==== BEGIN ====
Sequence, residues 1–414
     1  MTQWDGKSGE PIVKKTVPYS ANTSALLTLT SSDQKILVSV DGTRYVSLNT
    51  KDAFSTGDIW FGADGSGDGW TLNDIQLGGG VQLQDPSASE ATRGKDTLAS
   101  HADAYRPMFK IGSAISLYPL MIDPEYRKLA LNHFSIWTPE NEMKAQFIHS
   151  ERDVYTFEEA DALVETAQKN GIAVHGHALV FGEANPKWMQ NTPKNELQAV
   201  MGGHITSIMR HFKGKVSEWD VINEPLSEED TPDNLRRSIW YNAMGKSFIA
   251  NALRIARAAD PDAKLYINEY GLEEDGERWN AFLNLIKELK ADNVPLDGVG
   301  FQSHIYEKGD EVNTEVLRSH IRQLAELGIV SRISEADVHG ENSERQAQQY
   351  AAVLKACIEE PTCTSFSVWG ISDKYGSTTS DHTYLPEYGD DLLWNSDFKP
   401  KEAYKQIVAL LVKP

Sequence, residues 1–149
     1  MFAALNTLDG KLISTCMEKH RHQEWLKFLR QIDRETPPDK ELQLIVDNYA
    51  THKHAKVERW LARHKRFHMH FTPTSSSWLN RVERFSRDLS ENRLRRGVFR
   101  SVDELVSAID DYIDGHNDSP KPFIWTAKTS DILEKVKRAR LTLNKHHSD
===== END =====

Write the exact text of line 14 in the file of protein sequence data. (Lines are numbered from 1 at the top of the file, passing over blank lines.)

   101  SVDELVSAID DYIDGHNDSP KPFIWTAKTS DILEKVKRAR LTLNKHHSD